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    #1

    Smile right little beggars to get rid of

    Hello. I wonder what the underlined part means in this context below.
    Does it mean the roaches in the shop are very little and it was hard to get rid of them?
    Please help. Thank you.

    =========
    "What was that?"
    "Roaches. My uncle had roaches in his shop-right little beggars to get rid of.
    Did you know they reckon cockroaches would survive a nuclear war?"

  1. Chicken Sandwich's Avatar
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    #2

    Re: right little beggars to get rid of

    Quote Originally Posted by frindle View Post
    Does it mean the roaches in the shop are very little and it was hard to get rid of them?
    NOT A TEACHER

    No, I don't think so. There's no mention in the text that it was actually hard to get rid of the roaches. It seems that he or she is describing what the roaches were like. They were beggars that needed to be exterminated.

    "Right" in this context means the following:

    8 emphasis [ only before noun ] British English spoken used to emphasize how bad someone or something is SYN total , complete : He sounds like a right idiot!

    The house was in a right mess when we got back.

    Source: Longman Dictionary of Contemporary English
    Last edited by Chicken Sandwich; 26-May-2012 at 15:15.

  2. 5jj's Avatar
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    #3

    Re: right little beggars to get rid of

    Quote Originally Posted by frindle View Post
    "Roaches. My uncle had roaches in his shop-right little beggars to get rid of.
    Did you know they reckon cockroaches would survive a nuclear war?"
    This informal expression means that they were very difficult to get rid off. Less sensitive people might replace the e of 'beggars' with a u.

  3. Chicken Sandwich's Avatar
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    #4

    Re: right little beggars to get rid of

    Quote Originally Posted by 5jj View Post
    This informal expression means that they were very difficult to get rid off. Less sensitive people might replace the e of 'beggars' with a u.
    On second reading of the sentence, this makes absolute sense. (I thought at first that it meant something similar to: "Roaches. My uncle had roaches in his shop-right little beggars that need to be exterminated. Here little is just a description of the roaches).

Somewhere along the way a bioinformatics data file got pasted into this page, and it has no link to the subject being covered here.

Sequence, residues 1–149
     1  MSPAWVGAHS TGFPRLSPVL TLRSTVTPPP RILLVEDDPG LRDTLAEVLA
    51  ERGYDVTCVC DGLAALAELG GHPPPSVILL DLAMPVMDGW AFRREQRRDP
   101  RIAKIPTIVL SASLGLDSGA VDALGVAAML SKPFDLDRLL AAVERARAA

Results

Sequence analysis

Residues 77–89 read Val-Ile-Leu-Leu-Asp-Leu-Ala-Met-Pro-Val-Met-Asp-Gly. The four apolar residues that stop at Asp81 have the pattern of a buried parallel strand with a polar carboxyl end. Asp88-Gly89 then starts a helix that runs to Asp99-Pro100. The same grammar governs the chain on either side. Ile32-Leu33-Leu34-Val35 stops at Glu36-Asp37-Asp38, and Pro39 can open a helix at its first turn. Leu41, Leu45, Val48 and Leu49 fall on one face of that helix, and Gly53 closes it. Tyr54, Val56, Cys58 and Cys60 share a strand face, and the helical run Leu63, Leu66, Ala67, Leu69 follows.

Last edited by Chicken Sandwich; 26-May-2012 at 16:22.

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    #5

    Re: right little beggars to get rid of

    Quote Originally Posted by Chicken Sandwich View Post
    (I thought at first that it meant something similar to: "Roaches. My uncle had roaches in his shop-right little beggars that need to be exterminated. Here little is just a description of the roaches).
    It isn't necessarily. 'Right little xxxs' are probably not particularly large, but the emphasis in expressions of this sort is on how annoying/bad/unpleasant they are, not on their size.

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    #6

    Re: right little beggars to get rid of

    My cousin is nearly 2 metres tall and 28 years old. My aunt (his mother) still says "You little bugger" when she's angry with him.

    Note: normally, I would use an asterisk for b*gger and from now on I will, but I wanted to make it clear that she never calls him "a little beggar".

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    #7

    Re: right little beggars to get rid of

    I'll write the word with no asterisk in the post. The word 'bugger' is an interesting one, in that some people find it offensive in any context, but others find it quite inoffensive at times. The expression 'play silly buggers' for example is indeed informal, but occasionally heard by people who would never use what they consider to be offensive words. My mother has been known to describe me as a 'daft/silly bugger'. She is horrified if I let slip the F-word, as ems's aunt would probably be.

    I recommend that learners do not use the word, as there is a risk of causing offence, However, they should not be too surprised if they hear it.

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    #8

    Re: right little beggars to get rid of

    Quote Originally Posted by 5jj View Post
    It isn't necessarily. 'Right little xxxs' are probably not particularly large, but the emphasis in expressions of this sort is on how annoying/bad/unpleasant they are, not on their size.
    Interesting. But what if we were to omit "right". Would the sentence still retain its original meaning? My guess is that it won't.

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    #9

    Re: right little beggars to get rid of

    Quote Originally Posted by Chicken Sandwich View Post
    Interesting. But what if we were to omit "right". Would the sentence still retain its original meaning? My guess is that it won't.
    Your guess would be wrong.

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    #10

    Re: right little beggars to get rid of

    Quote Originally Posted by Chicken Sandwich View Post
    Interesting. But what if we were to omit "right". Would the sentence still retain its original meaning? My guess is that it won't.
    It adds emphasis, so removing it would affect the degree of difficulty, but wouldn't change the meaning fundamentally IMO.

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